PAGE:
Regression – our worst fear

     Every family with a child with autism  hates to see their child have regression of any kind.   It can be a loss of language, a downword spiral of potty training, or return of bad behaviors,  just about any loss of a skill.  No one likes to watch their child take 2 steps forward and than 10 steps back.  It is one of my  least favorite things to deal with, emotionally that is.  It is very heartbreaking to see them lose things that they once had.

     The question is how do you know what caused the regression?  Sometimes we do not know what caused it, that is when we play detective.  With our oldest son, Hunter, we always look for medical reasons for his regression. He is usually very emotional and obsessive compulsive and agressive before he is sick.  He lost a lot of fine motor skills and social skills during the past school year.  That’s when we found out about his multiple food allergies and weak imune system.  It is very disheartening to watch your child lose those precious skills.

      When there is no medical reason or major transition, or life changing event in your child’s life, then you have to play detective.  This is the hardist thing for us, the figuring out what the issue is. Especially difficult to find the reason if your child has limited or no verbal skills to tell you what might be wrong.  This is the case with out youngest, Tristan.  He was recently doing wonderful at potty training, both urine and stool. However, he took  lot of steps backwards recently and its taken us awhile to figure out the issue.

     Its like a mystery to solve the puzzle approach for us.  After doing some thinking and talking to another parent, we figured out the issue.  The routine was broken with potty time when we left our children with the sitter.  My son had diapers on most of the day and this confused him and caused the issue at hand.  It has taken 5 days to get him to go on the potty again and multiple accidents and meltdowns to get there.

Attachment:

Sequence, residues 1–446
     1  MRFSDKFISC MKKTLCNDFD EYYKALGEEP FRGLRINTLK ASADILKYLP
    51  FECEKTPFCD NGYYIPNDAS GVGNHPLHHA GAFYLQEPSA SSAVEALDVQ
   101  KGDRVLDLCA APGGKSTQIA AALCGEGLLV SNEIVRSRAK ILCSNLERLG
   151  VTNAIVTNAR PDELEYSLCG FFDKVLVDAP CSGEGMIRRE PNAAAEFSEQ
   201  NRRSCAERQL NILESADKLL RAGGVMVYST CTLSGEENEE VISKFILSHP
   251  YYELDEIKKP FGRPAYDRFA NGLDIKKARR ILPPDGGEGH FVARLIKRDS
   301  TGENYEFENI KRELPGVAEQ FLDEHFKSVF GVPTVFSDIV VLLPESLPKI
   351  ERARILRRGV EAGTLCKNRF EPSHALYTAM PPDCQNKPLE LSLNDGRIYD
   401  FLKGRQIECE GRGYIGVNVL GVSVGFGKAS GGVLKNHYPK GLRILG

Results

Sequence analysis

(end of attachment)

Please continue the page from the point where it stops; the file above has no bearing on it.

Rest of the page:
My 6 hours out for a break has caused way more work than I ever could have imagined.  When children with autism have a routine and its broken, regression is high on the probabilty list.  Our eldest, Hunter was almost potty trained, then we invited a new baby into our lives.  This was a major life changing event for any child.  For my son, however, undiagnosed autistic, it through him over the edge.  Our little quirky things, became giant meltdown problems with a new baby introduced to him.

     When you see regression in your child, and we all do at some point, make sure you are thinking like your child and investigate all the aspects of their lives.  If its medical get a handle on it or go on a hunt for whatever may be causing the problems.  If its a change in routine and its negative for the child in the end, eliminate the change or give the child the tools and ability to cope with it.  Use social stories or picture schedules whenever possible to prepare for changes in the day.  Change is good, but to a child with autism there must be preperations made to help the child cope.

          The importance of your family, friends and team of therapist’s being aware of the child’s routine can not be stressed enough. EVERYONE must be on board with the routine to keep the child from regression.  If people do not want to do what’s best for the child and set rules and limits, its detrimental to the child’s growth and development.  What’s good rule at your house must stay that way at everyone’s house or you will be fighting an endless battle at home.

     Make sure the rules and routines are spelled out and stuck to for your child.  I have learned the hard way, that the routine change can set our children into regression of old bad behaviors that no one likes to see or deal with.  If you can’t send your little ones away for a visit somewhere that the rules of home carry over, then I suggest having people at your house to visit and keeping it that way for sanity sake.  Remember, your child’s success is the most important thing. Constant change in routine, just leads to confusion and frustration for everyone in your house.  The rules are the rules for your child no matter what.

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